Tweeted twitter.com/#!/StackSecurity/status/484520660027572224
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Ok so consider the scenario in which you have two projects, one is a RESTful API, and the other is a public facing website.

The API uses cookie/token based authentication, and contains all of the logic of your application.

The website is built using a client-side MV* technology, what it can and cannot do is based on the role of the user authenticated by the API.

Hosting the HTML/JS/CSS of the website without introducing a third MVC framework is faster (and cheaper).

For example, you can have your RESTful API (maybe built with Django), and a server serving up HTML/JS/CSS as-is (let's say it's Apache), oror a RESTful API and have the website itself using a server side MVC technology (such as .net MVC) which restricts access to the HTML/CSS/JS based on the user role provided by the API.

This will slow things down, but is it more secure? Is it worth the overhead to not allow somebody traversing through your publically available client side code to not be able to see how your admin pages look and what API endpoints they call and how they call them, or is this security through obscurity?

Surely a determined attacker could figure this out anyway by using a tool like fiddler while browsing your public pages and then analyse your API with another tool?

Thanks

Ok so consider the scenario in which you have two projects, one is a RESTful API, and the other is a public facing website.

The API uses cookie/token based authentication, and contains all of the logic of your application.

The website is built using a client-side MV* technology, what it can and cannot do is based on the role of the user authenticated by the API.

Hosting the HTML/JS/CSS of the website without introducing a third MVC framework is faster (and cheaper).

For example, you can have your RESTful API (maybe built with Django), and a server serving up HTML/JS/CSS as-is (let's say it's Apache), or a RESTful API and have the website itself using a server side MVC technology (such as .net MVC) which restricts access to the HTML/CSS/JS based on the user role provided by the API.

This will slow things down, but is it more secure? Is it worth the overhead to not allow somebody traversing through your publically available client side code to not be able to see how your admin pages look and what API endpoints they call and how they call them, or is this security through obscurity?

Surely a determined attacker could figure this out anyway by using a tool like fiddler while browsing your public pages and then analyse your API with another tool?

Thanks

Ok so consider the scenario in which you have two projects, one is a RESTful API, and the other is a public facing website.

The API uses cookie/token based authentication, and contains all of the logic of your application.

The website is built using a client-side MV* technology, what it can and cannot do is based on the role of the user authenticated by the API.

Hosting the HTML/JS/CSS of the website without introducing a third MVC framework is faster (and cheaper).

For example, you can have your RESTful API (maybe built with Django), and a server serving up HTML/JS/CSS as-is (let's say it's Apache), or a RESTful API and have the website itself using a server side MVC technology (such as .net MVC) which restricts access to the HTML/CSS/JS based on the user role provided by the API.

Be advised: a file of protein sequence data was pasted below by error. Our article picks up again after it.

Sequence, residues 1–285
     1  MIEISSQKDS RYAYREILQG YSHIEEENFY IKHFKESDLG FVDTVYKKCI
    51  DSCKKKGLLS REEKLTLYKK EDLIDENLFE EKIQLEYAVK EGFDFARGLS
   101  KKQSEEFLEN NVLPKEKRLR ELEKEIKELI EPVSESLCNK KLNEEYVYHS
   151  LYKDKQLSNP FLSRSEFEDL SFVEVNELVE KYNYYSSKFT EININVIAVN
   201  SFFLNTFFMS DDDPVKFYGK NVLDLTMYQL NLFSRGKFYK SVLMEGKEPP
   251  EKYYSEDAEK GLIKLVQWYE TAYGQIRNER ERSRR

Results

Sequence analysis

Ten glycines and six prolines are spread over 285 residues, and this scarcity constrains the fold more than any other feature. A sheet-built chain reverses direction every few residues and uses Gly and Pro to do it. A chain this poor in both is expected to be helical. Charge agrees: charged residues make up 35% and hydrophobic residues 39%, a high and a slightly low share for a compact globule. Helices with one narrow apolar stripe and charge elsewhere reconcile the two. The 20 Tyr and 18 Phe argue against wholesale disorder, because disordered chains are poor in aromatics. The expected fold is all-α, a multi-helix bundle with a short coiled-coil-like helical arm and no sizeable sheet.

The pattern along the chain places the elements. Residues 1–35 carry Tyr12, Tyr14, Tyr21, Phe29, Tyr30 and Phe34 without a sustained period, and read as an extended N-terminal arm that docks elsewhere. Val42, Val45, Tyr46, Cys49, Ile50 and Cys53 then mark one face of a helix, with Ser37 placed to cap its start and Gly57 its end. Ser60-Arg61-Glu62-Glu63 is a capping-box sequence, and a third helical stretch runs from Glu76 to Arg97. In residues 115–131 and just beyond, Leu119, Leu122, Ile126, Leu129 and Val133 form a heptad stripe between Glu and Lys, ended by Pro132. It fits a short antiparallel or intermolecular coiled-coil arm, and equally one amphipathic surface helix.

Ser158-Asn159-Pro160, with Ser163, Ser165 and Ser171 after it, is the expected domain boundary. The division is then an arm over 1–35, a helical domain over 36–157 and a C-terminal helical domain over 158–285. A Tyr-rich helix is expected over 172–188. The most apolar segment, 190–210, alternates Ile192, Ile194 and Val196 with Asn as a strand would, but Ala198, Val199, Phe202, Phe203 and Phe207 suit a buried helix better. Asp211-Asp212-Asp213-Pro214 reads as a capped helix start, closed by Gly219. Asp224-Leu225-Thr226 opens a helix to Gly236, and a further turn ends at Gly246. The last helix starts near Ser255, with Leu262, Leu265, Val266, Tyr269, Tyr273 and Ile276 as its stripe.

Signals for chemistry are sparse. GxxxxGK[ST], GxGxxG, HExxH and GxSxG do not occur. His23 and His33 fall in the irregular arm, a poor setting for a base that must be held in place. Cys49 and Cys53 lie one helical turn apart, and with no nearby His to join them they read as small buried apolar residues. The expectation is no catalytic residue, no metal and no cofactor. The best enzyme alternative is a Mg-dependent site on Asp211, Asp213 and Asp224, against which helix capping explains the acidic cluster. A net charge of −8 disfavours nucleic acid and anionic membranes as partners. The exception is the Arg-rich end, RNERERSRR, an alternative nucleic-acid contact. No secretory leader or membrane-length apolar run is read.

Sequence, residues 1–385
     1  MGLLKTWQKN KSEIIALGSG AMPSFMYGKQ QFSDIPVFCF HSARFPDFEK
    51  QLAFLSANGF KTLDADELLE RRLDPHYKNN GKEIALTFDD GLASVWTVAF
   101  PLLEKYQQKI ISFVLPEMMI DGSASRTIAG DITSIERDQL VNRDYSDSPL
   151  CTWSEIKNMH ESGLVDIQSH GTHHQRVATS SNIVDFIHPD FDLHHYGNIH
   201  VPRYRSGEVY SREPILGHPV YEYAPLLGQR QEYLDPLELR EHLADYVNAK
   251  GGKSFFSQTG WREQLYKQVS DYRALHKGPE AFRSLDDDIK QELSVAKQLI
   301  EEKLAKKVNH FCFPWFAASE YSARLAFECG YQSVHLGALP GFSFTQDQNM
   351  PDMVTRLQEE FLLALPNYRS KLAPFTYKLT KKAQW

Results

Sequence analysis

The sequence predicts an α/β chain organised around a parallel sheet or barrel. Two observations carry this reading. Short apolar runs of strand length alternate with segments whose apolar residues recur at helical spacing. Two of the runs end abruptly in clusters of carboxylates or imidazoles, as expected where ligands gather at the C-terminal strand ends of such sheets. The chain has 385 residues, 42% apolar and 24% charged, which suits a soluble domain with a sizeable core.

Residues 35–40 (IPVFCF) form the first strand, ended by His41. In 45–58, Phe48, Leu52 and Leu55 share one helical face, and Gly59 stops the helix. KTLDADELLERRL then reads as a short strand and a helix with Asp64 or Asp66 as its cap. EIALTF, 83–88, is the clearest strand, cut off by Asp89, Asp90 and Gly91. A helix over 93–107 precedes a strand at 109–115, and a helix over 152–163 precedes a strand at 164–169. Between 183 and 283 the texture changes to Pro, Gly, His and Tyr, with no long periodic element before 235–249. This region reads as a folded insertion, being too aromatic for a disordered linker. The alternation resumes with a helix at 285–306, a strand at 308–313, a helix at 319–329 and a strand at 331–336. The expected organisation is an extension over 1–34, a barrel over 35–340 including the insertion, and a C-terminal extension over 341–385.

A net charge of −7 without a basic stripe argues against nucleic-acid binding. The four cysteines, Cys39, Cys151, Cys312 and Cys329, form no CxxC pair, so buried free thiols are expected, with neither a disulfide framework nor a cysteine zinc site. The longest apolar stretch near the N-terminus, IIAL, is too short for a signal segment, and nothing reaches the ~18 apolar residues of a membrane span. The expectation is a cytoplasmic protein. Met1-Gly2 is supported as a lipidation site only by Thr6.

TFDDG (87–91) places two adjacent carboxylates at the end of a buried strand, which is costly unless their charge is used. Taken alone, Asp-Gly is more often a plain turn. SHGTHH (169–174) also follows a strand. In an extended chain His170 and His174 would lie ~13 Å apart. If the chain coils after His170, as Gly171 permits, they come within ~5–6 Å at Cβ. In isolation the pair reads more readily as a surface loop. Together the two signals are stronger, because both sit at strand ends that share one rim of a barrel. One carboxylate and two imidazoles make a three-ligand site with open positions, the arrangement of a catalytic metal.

This will slow things down, but is it more secure? Is it worth the overhead to not allow somebody traversing through your publically available client side code to not be able to see how your admin pages look and what API endpoints they call and how they call them, or is this security through obscurity?

Surely a determined attacker could figure this out anyway by using a tool like fiddler while browsing your public pages and then analyse your API with another tool?

Thanks

4 deleted 10 characters in body
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Ok so consider the scenario in which you have two projects, one is a RESTful API, and the other is a public facing website.

The API uses cookie/token based authentication, and contains all of the logic of your web based application.

The website is built using a client-side MV* technology, what it can and cannot do is based on the role of the user authenticated by the API.

Hosting the HTML/JS/CSS of the website without introducing a third MVC framework is faster (and cheaper).

For example, you can have your RESTful API (maybe built with Django), and a server serving up HTML/JS/CSS as-is (let's say it's Apache), or a RESTful API and have the website itself using a server side MVC technology (such as .net MVC) which restricts access to the HTML/CSS/JS based on the user role provided by the API.

This will slow things down, but is it more secure? Is it worth the overhead to not allow somebody traversing through your publically available client side code to not be able to see how your admin pages look and what API endpoints they call and how they call them, or is this security through obscurity?

Surely a determined attacker could figure this out anyway by using a tool like fiddler while browsing your public pages and then analyse your API with another tool?

Thanks

Ok so consider the scenario in which you have two projects, one is a RESTful API, and the other is a public facing website.

The API uses cookie/token based authentication, and contains all of the logic of your web based application.

The website is built using a client-side MV* technology, what it can and cannot do is based on the role of the user authenticated by the API.

Hosting the HTML/JS/CSS of the website without introducing a third MVC framework is faster (and cheaper).

For example, you can have your RESTful API (maybe built with Django), and a server serving up HTML/JS/CSS as-is (let's say it's Apache), or a RESTful API and have the website itself using a server side MVC technology (such as .net MVC) which restricts access to the HTML/CSS/JS based on the user role provided by the API.